π¦-coordinates, and all π§-coordinates. In particular, the ο¬rst octant is the octant in which all three
coordinates are positive.
Plotting Points in π₯π¦π§-space
Graphing in π₯π¦π§-space can be diο¬cult because, unlike graphing in the π₯π¦-plane, depth perception
is required. To simplify plotting of points, one can make use of projections onto the coordinate
planes. The projection of a point (π₯, π¦, π§) onto the π₯π¦-plane is obtained by connecting the point to
the π₯π¦-plane by a line segment that is perpendicular to the plane, and computing the intersection
of the line segment with the plane.
Later, we will learn more about how to compute projections of points onto planes, but in this
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relatively simple case, it follows from our working deο¬nition that the projection of the point (π₯, π¦, π§)
onto the π₯π¦-plane is the point (π₯, π¦, 0). Similarly, the projection of this point onto the π¦π§-plane is
the point (0, π¦, π§), and the projection of this point onto the π₯π§-plane is the point (π₯, 0, π§). Figure 1
illustrates these projections, and how they can be used to plot a point in π₯π¦π§-space. One can ο¬rst
plot the point’s projections, which is similar to the task of plotting points in the π₯π¦-plane, and then
use line segments originating from these projections and perpendicular to the coordinate planes to
“locate” the point in π₯π¦π§-space.
The Distance Formula
The distance between two points π1 = (π₯1 , π¦1 ) and π2 = (π₯2 , π¦2 ) in the π₯π¦-plane is given by the
distance formula,
√
π(π1 , π2 ) = (π₯2 − π₯1 )2 + (π¦2 − π¦1 )2 .
Similarly, the distance between two points π1 = (π₯1 , π¦1 , π§1 ) and π2 = (π₯2 , π¦2 , π§2 ) in π₯π¦π§-space is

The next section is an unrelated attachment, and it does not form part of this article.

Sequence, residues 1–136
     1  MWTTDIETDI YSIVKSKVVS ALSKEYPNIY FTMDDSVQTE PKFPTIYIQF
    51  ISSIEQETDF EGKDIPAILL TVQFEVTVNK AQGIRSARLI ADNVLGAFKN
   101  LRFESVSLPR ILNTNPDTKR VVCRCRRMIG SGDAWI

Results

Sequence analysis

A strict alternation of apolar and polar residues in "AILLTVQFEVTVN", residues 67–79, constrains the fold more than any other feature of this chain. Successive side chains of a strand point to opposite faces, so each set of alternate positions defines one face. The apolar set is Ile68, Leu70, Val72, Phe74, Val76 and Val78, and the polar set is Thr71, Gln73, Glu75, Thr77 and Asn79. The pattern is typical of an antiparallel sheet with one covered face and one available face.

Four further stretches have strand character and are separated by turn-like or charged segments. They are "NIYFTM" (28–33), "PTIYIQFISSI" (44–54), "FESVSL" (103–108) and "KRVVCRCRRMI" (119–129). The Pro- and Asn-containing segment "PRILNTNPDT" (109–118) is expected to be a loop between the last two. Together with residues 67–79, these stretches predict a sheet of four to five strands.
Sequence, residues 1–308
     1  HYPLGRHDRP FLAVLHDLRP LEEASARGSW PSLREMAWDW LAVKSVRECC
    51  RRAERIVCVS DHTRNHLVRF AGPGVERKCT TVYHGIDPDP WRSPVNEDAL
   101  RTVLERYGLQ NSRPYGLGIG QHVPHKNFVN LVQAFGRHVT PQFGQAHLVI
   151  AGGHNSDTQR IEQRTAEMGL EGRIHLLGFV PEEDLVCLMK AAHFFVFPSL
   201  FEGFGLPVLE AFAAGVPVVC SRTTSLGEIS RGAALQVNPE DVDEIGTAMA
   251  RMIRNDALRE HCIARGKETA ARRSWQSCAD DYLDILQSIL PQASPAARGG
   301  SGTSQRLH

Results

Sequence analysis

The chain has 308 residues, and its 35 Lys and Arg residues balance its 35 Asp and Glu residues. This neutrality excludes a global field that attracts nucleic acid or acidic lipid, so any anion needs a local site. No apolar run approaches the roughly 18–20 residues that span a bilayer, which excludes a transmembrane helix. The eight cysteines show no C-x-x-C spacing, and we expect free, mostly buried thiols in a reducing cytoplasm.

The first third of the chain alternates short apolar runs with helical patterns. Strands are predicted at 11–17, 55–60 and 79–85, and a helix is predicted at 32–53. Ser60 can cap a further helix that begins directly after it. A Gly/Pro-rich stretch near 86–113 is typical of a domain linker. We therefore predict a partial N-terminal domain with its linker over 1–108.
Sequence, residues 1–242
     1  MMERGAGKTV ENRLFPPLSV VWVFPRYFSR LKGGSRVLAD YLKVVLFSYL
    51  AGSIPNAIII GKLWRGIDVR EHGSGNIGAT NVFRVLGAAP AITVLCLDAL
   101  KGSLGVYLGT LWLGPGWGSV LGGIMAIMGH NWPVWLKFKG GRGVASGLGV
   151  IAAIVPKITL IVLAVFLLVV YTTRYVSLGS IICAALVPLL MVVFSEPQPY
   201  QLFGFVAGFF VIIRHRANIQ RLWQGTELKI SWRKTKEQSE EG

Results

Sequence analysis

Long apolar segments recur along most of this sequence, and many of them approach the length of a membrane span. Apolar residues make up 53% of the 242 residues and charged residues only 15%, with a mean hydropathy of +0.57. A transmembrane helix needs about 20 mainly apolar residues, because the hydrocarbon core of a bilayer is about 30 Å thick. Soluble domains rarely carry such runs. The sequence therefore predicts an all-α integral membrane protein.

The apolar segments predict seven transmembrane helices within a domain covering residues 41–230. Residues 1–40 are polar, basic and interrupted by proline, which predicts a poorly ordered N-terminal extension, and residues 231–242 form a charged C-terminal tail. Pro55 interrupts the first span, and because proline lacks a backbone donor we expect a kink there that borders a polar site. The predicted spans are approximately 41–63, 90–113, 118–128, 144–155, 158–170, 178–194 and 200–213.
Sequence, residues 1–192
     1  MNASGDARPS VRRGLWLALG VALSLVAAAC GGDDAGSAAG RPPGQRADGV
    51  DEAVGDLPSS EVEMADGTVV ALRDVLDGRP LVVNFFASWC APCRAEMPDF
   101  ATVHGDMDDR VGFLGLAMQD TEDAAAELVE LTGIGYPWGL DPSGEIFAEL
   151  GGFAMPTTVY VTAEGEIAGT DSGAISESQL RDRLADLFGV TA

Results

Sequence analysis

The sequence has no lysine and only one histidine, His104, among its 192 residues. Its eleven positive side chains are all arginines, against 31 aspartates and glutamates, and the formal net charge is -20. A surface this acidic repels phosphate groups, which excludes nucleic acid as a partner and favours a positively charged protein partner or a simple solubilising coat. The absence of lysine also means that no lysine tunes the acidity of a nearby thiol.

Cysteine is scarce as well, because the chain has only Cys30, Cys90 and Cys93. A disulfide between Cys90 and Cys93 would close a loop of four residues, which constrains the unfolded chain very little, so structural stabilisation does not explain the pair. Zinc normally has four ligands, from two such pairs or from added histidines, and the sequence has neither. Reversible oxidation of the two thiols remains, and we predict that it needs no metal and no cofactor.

given by the following generalization of the distance formula,
√
π(π1 , π2 ) = (π₯2 − π₯1 )2 + (π¦2 − π¦1 )2 + (π§2 − π§1 )2 .
This can be proved by repeated application of the Pythagorean Theorem.
Example The distance between π1 = (2, 3, 1) and π2 = (8, −5, 0) is
√
√
√
π(π1 , π2 ) = (8 − 2)2 + (−5 − 3)2 + (0 − 1)2 = 36 + 64 + 1 = 101 ≈ 10.05.
β‘
Equations of Surfaces
In two dimensions, the solution set of a single equation involving the coordinates π₯ and/or π¦ is a
curve. In three dimensions, the solution set of an equation involving π₯, π¦ and/or π§ is a surface.
Example The equation π§ = 3 describes a plane that is parallel to the π₯π¦-plane, and is 3 units
“above” it; that is, it lies 3 units along the positive π§-axis from the π₯π¦-plane. On the other hand,
the equation π₯ = π¦ describes a plane consisting of all points whose π₯- and π¦-coordinates are equal.
It is not parallel to any coordinate plane, but it contains the π§-axis, which consists of all points
whose π₯- and π¦-coordinates are both zero, and it intersects the π₯π¦-plane at the line π¦ = π₯. β‘
The equation of a sphere with center πΆ = (β, π, β) and radius π is
(π₯ − β)2 + (π¦ − π)2 + (π§ − β)2 = π2 .